No matter how we plan, people in disaster situations are notably bad at assessing risk and predictably overconfident about the control they have over their environment. Nor can church leaders control the behavior of whoever might walk in the door. Even if we limit capacity and instruct people to sit six feet apart, people will still press through our doors in closer proximity to one another. Distance between people inside restrooms (not to mention the cleanliness of handles, knobs and countertops in between uses) isn’t enforceable.

Toddlers, some people with intellectual disabilities, and some people with dementia can’t be expected to understand and follow the rules we choose to institute.

Announcing the church is open may also unwittingly put social pressure on those who are most vulnerable, like older adults and congregants with compromised immune systems, to come to church. With our inability to widely control for asymptomatic carriers, we may not know we have spread COVID-19 in our church until it is too late and some of our most vulnerable members have been exposed.

There are plenty of valid reasons to allow businesses to begin to function again (but also challenges and concerns to doing so). But allowing retail stores or restaurants to reopen does not indicate we are “back to normal.”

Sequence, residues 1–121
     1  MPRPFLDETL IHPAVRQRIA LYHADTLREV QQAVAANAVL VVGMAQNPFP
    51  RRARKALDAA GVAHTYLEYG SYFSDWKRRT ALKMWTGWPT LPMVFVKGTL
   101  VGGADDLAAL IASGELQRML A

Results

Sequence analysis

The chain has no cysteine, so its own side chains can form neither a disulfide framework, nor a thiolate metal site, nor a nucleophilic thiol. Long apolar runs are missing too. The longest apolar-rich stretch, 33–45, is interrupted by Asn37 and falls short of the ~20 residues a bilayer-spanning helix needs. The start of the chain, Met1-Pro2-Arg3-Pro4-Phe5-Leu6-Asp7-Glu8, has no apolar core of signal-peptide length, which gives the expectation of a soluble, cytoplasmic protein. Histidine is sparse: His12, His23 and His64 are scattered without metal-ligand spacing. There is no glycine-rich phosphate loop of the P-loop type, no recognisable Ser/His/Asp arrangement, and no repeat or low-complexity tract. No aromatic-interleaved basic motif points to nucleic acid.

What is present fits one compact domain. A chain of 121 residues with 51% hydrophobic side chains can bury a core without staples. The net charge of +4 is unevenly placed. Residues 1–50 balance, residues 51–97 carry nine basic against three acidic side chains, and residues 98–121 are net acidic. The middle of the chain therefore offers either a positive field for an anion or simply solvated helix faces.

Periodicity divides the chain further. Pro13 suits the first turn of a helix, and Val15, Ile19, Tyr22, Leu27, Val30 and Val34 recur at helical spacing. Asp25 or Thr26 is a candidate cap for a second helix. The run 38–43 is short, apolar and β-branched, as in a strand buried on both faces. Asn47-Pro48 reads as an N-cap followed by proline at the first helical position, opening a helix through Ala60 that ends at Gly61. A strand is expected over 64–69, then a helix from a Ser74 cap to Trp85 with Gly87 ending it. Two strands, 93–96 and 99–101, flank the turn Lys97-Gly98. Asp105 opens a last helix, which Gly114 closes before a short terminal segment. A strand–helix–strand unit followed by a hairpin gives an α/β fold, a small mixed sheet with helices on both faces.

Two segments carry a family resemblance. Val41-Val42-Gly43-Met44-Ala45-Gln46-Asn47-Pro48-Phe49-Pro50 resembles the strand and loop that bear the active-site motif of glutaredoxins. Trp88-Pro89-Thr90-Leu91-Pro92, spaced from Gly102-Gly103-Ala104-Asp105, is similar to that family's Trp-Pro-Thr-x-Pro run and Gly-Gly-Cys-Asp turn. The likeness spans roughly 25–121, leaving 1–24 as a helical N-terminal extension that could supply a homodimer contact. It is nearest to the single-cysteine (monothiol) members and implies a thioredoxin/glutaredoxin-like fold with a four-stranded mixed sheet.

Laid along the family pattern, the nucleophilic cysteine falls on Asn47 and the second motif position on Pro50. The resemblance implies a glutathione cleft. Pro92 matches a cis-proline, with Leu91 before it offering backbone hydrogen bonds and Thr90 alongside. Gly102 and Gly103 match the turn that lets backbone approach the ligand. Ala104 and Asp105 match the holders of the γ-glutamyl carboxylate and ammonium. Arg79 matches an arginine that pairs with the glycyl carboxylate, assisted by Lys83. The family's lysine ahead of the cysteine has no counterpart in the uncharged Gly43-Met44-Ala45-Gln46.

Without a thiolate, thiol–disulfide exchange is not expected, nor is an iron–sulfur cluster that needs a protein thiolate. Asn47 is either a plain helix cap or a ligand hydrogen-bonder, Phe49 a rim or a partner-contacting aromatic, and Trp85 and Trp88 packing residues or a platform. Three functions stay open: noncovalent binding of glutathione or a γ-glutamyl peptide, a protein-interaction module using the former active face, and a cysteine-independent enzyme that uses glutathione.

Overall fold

To help churches navigate COVID-19, we developed a comprehensive faith-based and research-based planning guide (which is available in five languages). We have also launched the first faith-based and research-based disaster spiritual and emotional care and intervention manual to help churches provide support while physically distancing and staying at home.

We’ve created an online resource hub with access to materials and videos from our COVID-19 Church Online Summit. On April 30, we helped lead the online Spiritual First Aid Summit with Food for the Hungry, NavPress and Outreach that had over 10,000 church leaders participate to learn how to care for their neighbors, churches, communities and world during COVID-19 and beyond.

During this crisis, we have continued to be most impressed by the worshipping communities who have thoughtfully purposed to love their neighbors well by pausing from their normal worship routines. We are hopeful that congregations will continue to love well until it is truly safe to gather again as we did before COVID-19.

Don’t get us wrong; we also grieve and miss being in person with our own church communities and deeply desire to gather again. But to be safe, we must consider how to do so in ways that don’t fuel the spread of COVID-19 and that don’t put our most vulnerable at greater risk.

(Jamie Aten is founder and executive director of the Humanitarian Disaster Institute at Wheaton College. Kent Annan is director of Humanitarian & Disaster Leadership at Wheaton College. Follow them on Twitter at @drjamieaten and @kentannan. The views expressed in this commentary do not necessarily reflect those of Religion News Service.)